Low-lying and agriculture-heavy Glades County reported significant damage to mobile home parks, as did Broward, where 40 percent of the county's mobile homes were left uninhabitable, said Dave Erdman, spokesman for the Broward County Sheriff's Office. Broken glass littered streets in Miami, where the wind and pressure had smashed countless windows.
Gus Rodriguez, 53, was in Miami for Hurricane Andrew and endured last year's Jeanne, which was a Category 4 storm. Rodriguez brewed cafe con leche on his gas stove for his neighbors, who were disheveled and displaced after losing windows and power.
"That was bad, this was unexpected," he said. "I panicked at 7:30 this morning because of the sudden intensity and glass shattering all around."
Washington officials said they had applied lessons from the bungled response to Hurricane Katrina, which struck the Gulf Coast Aug. 29, and state and federal officials congratulated each other on their teamwork.
President Bush signed a disaster declaration for hurricane-damaged areas, and the Federal Emergency Management Agency said it had dozens of military helicopters, medical supplies, food and ice in the area ready for distribution. In Washington, FEMA Acting Director R. David Paulison said the agency had applied lessons from the bungled response to Hurricane Katrina. To improve communications and get more rapid and accurate damage reports from the ground, federal authorities distributed more than 300 satellite phones to Florida counties ahead of time.
Florida Gov. Jeb Bush (R) touted the emergency response, highlighting the importance of local and state efforts with backup from the FEMA. "It's working the way it's supposed to," he said.
After Katrina, he said, "In Louisiana, it was left for the federal government to fill the voids, and the consequences are there for the rest of the world to see."
Even before the storm hit Florida's west coast, it created some moderate street flooding.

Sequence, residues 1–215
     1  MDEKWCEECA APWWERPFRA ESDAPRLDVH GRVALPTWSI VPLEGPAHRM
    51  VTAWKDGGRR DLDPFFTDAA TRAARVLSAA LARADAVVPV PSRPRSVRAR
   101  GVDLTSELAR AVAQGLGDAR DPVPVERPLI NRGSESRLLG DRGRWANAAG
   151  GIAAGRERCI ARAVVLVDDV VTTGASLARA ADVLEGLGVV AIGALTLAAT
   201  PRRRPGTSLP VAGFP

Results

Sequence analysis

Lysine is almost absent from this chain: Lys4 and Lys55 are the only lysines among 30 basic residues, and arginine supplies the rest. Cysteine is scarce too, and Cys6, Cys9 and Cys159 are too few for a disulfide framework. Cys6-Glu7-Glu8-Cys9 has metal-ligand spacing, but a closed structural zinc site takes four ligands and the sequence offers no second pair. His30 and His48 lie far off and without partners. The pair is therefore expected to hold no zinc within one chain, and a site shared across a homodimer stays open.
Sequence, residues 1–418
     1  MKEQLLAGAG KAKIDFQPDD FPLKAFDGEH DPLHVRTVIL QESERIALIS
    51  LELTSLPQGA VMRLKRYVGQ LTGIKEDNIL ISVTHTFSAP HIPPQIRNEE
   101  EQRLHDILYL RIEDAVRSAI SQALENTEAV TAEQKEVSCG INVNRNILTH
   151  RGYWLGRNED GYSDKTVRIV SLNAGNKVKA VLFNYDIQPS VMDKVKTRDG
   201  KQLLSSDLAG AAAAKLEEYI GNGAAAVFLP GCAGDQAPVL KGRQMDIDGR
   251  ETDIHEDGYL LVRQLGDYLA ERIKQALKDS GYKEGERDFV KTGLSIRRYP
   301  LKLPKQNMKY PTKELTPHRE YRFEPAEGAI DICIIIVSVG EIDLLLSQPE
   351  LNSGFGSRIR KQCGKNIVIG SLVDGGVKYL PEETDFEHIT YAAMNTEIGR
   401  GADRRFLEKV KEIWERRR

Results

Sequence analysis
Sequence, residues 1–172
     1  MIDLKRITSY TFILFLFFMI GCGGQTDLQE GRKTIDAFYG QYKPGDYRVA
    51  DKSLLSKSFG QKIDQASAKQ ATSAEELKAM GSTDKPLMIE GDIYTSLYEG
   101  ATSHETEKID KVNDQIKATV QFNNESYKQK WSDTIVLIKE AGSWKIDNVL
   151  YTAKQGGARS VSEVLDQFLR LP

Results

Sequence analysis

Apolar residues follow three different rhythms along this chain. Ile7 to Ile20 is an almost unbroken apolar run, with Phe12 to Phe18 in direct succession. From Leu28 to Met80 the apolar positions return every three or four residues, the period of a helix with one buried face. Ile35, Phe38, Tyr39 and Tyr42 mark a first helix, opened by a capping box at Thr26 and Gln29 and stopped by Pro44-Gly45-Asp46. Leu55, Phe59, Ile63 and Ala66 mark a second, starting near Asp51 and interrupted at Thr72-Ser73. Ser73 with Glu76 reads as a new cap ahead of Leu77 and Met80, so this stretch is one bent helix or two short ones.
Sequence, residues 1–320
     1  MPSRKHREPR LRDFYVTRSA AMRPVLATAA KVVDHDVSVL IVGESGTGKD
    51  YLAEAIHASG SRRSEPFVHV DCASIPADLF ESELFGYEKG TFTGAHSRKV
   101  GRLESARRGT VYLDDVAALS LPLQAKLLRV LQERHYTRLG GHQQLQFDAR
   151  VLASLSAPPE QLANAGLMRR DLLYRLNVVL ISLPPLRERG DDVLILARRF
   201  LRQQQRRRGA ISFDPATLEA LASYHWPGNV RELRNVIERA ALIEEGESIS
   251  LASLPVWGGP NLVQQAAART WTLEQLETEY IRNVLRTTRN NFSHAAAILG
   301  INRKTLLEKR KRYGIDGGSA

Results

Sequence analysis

An underlying worry after Hurricane Wilma could again be growing complacency. More than 30,000 people went to public shelters, but because Wilma did not deliver a knockout punch after days of warning, some worry that residents may be more likely to try to ride out the next hurricane.
"When you have an event like this, you don't want to over-exaggerate what might happen," Mack said. But he defended the ominous warnings that had been sounded by emergency officials prior to the storm. "If this thing had jogged to the north a little bit, it would have been a lot worse," he said.
Alex "Bud" Diaczynsky, a 54-year-old auto-parts store owner in Naples, had ridden out the storm and surveyed the damage in front of his Naples home a few blocks from the beach. A Royal Palm tree was tilted slightly and missing fronds. A Norfolk Island pine had lost branches on one side. A wooden fence had fallen down.
"It could have been a lot worse," he said.
Even so, life in Naples will be difficult, at least in the short term. Because of downed power lines and a lack of electricity and potable water, city officials have forbidden residents to return, at least until Tuesday.
Jeff Biden, 56, and Linda Biden, 52, were visiting their Marco Island garden shop after staying in their Naples home during the storm.
Jeff Biden shrugged off the dozens of potted plants that had been upturned. "We're going to open tomorrow," he promised. "These things get blown out of proportion."
His wife wasn't so sure.
"Gosh, the way the wind was howling I didn't go to sleep," she said, adding that she was "amazed" at the minimal extent of the damage. "It was scary."
Staff writer Spencer S. Hsu in Washington and special correspondents Christina Del Sesto and Catharine Skipp in Miami contributed to this report.